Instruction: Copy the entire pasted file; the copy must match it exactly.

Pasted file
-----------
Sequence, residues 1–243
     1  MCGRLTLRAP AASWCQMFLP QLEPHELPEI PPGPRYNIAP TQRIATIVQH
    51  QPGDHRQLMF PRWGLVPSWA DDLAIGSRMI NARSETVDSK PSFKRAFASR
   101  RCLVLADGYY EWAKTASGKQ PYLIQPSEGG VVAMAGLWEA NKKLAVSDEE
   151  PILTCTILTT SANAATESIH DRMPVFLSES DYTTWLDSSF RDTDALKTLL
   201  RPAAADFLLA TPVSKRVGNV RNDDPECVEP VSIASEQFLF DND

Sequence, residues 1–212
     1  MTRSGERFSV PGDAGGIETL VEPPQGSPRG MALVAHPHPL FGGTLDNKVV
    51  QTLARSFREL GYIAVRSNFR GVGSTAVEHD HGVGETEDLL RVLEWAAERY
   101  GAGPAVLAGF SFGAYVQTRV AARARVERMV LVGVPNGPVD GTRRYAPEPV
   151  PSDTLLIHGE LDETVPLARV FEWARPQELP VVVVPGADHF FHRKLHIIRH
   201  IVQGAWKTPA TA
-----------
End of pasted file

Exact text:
Sequence, residues 1–243
     1  MCGRLTLRAP AASWCQMFLP QLEPHELPEI PPGPRYNIAP TQRIATIVQH
    51  QPGDHRQLMF PRWGLVPSWA DDLAIGSRMI NARSETVDSK PSFKRAFASR
   101  RCLVLADGYY EWAKTASGKQ PYLIQPSEGG VVAMAGLWEA NKKLAVSDEE
   151  PILTCTILTT SANAATESIH DRMPVFLSES DYTTWLDSSF RDTDALKTLL
   201  RPAAADFLLA TPVSKRVGNV RNDDPECVEP VSIASEQFLF DND

Sequence, residues 1–212
     1  MTRSGERFSV PGDAGGIETL VEPPQGSPRG MALVAHPHPL FGGTLDNKVV
    51  QTLARSFREL GYIAVRSNFR GVGSTAVEHD HGVGETEDLL RVLEWAAERY
   101  GAGPAVLAGF SFGAYVQTRV AARARVERMV LVGVPNGPVD GTRRYAPEPV
   151  PSDTLLIHGE LDETVPLARV FEWARPQELP VVVVPGADHF FHRKLHIIRH
   201  IVQGAWKTPA TA